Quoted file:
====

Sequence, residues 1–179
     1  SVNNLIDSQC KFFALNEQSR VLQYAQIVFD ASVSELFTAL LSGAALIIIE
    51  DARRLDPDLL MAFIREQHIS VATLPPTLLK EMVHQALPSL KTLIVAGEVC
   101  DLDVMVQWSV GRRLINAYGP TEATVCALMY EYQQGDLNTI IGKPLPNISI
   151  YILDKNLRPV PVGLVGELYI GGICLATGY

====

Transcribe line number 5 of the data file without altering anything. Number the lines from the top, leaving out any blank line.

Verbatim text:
   151  YILDKNLRPV PVGLVGELYI GGICLATGY